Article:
Mental Demand

There is pretty much no other sport in the world where you have to be completely laser focused for almost two hours. F1 drivers don’t get a break during races and any small lapses in concentration can end your race. Drivers reaction time also has to be perfect as in races like Monaco and Hungary, the reaction time can make all the difference at the start when overtaking is difficult.

Intense Training

One of the other similarities between Formula one and other sports is the intense training that the drivers go through. A normal human would not be able to handle the G-forces that Formula One cars put you through. The G forces are horrible and drivers need the muscular endurance to withstand these for two hours straight.

So there is some pretty unique training that drivers go through. The extreme training involves drivers turning an incredibly heavy steering wheel. They also train as athletes for multiple reasons. They need great muscular endurance for the physical pressures of driving a Formula One car flat out for over two hours during a race.

The neck is also key in this. Drivers need to build extremely strong necks due to the pressures of G force. If you are putting your body under 5G force, then it means your body would weight five times as much as normal. This may be fine for a Formula One car, but it puts huge pressure on your neck when suddenly, your head could weigh five times as much as it does usually. This is why drivers have to train as athletes.

But drivers also need to find a balance as they are also looking to weigh as little as possible when they step into a Formula One car. This is because the car is faster with less weight, so the more an F1 driver weighs, the slower the car will go in a straight line. Drivers have to find the balance between muscle gain for races, while maintaining a low weight.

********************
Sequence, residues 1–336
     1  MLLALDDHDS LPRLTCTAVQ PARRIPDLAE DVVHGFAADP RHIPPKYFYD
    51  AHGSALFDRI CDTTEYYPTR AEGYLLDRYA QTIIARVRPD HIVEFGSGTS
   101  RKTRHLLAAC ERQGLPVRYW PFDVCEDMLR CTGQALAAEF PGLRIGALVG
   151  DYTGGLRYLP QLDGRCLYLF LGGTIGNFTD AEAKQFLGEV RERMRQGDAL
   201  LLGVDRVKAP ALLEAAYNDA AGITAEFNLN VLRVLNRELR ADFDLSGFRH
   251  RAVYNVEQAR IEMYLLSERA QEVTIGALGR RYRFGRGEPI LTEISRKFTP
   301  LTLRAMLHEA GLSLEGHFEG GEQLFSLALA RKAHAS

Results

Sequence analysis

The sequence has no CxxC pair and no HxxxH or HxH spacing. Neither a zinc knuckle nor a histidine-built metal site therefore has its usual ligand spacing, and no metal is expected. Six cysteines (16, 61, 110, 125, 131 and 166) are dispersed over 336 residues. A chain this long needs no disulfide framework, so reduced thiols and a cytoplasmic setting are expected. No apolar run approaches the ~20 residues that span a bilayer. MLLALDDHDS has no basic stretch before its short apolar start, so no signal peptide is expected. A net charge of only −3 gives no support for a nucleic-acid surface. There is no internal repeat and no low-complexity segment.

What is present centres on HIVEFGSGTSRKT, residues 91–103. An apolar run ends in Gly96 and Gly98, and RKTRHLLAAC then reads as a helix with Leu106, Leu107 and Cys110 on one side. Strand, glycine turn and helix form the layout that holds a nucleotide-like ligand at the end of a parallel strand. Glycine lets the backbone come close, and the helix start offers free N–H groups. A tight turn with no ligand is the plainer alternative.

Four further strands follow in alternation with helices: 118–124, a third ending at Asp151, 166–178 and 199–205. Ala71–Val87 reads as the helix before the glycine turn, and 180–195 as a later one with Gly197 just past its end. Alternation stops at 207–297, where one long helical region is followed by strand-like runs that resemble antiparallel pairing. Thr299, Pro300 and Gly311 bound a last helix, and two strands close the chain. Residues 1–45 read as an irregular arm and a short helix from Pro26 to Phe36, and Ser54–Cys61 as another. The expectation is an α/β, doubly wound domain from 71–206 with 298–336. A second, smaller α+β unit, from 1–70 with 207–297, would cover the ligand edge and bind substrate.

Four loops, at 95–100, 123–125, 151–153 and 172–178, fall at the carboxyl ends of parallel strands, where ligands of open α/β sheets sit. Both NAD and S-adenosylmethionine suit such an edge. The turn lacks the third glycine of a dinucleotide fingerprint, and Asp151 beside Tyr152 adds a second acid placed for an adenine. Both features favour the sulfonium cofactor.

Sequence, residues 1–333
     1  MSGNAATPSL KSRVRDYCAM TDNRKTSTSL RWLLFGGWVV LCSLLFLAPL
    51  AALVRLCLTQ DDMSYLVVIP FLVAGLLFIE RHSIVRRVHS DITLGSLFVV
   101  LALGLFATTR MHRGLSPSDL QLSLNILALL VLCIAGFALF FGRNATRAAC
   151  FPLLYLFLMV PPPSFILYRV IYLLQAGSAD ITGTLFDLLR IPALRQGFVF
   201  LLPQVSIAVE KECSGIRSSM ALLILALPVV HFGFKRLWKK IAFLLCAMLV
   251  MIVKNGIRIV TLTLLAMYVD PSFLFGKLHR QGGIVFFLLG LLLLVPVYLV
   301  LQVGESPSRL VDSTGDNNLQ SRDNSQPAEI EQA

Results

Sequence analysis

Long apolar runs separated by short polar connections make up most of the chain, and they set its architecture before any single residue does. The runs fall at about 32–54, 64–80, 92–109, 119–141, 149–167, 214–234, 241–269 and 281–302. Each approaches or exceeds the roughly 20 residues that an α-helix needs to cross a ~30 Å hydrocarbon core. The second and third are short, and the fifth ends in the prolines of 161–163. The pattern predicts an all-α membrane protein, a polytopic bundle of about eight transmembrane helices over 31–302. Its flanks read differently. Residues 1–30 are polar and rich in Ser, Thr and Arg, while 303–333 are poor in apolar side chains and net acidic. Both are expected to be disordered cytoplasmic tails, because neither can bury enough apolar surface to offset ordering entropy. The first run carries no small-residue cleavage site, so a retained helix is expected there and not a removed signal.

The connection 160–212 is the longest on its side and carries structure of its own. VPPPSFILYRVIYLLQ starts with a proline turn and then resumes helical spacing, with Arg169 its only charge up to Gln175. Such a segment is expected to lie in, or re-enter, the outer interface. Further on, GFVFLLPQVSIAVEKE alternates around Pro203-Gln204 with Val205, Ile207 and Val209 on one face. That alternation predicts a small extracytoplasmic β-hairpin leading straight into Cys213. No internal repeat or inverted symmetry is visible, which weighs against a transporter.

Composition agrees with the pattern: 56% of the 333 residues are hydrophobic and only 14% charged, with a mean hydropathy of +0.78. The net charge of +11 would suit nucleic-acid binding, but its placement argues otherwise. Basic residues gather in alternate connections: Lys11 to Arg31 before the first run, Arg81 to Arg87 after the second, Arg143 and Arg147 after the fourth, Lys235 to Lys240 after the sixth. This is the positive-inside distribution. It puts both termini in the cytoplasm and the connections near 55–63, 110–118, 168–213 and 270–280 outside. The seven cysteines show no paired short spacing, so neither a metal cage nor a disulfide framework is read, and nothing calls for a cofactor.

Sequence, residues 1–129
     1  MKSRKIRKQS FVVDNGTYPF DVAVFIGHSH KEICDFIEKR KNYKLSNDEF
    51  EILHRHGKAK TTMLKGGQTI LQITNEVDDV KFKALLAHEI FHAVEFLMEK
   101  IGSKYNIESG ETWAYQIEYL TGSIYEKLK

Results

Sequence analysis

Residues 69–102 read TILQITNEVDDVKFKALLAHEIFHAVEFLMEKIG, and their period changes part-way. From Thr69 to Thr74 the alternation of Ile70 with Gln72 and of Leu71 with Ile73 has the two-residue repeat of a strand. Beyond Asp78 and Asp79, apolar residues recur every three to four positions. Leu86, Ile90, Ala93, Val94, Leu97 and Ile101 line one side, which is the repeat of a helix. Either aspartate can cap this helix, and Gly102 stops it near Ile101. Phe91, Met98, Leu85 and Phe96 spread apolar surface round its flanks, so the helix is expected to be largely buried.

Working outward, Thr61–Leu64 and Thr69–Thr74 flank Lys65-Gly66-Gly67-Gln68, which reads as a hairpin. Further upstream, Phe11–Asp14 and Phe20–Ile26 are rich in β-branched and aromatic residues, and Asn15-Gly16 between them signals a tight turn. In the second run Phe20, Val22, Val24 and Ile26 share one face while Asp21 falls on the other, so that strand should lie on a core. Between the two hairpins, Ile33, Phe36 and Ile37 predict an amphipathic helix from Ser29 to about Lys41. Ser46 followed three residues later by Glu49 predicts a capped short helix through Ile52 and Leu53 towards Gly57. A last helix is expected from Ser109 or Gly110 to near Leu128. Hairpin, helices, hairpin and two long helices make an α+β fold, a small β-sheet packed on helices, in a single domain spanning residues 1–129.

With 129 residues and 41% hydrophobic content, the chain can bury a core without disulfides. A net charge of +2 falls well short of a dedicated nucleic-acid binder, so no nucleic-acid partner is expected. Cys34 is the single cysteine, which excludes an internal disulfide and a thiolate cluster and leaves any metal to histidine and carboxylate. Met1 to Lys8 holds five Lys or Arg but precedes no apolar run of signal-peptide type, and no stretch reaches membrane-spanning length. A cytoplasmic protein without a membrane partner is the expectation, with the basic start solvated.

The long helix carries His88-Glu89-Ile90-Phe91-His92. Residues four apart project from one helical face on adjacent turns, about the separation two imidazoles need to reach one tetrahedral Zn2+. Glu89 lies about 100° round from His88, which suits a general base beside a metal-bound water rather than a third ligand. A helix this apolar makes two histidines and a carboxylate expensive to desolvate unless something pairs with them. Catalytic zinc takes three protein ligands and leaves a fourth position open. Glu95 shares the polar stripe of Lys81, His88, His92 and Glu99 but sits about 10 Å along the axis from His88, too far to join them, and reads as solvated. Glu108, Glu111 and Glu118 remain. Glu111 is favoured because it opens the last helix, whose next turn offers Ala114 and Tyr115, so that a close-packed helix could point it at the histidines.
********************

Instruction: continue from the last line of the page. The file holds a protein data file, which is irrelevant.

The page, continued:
Here is a  video of Sergio Perez training for the 2021 season

 

Competition

Sport is all about competition and there is some criticism that Formula One does not always have competition, with some fans claiming that the fastest car always wins. But driver skill plays a huge role.

Race winners like Pastor Maldonado, Pierre Gasly and Esteban Ocon all did not have the fastest car when they won faces, all three having cars outside the top three fastest. This competition and driver skill is another reasons why you have to see Formula One as a sport.

It is also a competition because Formula One is still a team sport. Teams need to produce the fastest car that they possibly can. Teams also have an impact on their drivers through pit stops. A team like Red Bull Racing have often given their driver the edge in a round of pit stops as they set record breaking pit stop times. Actually, the fastest pit-stop world record is held by Red Bull Racing with a 1.82 second stop at the 2019 Brazilian GP.

What do you think? Is Formula 1 a sport?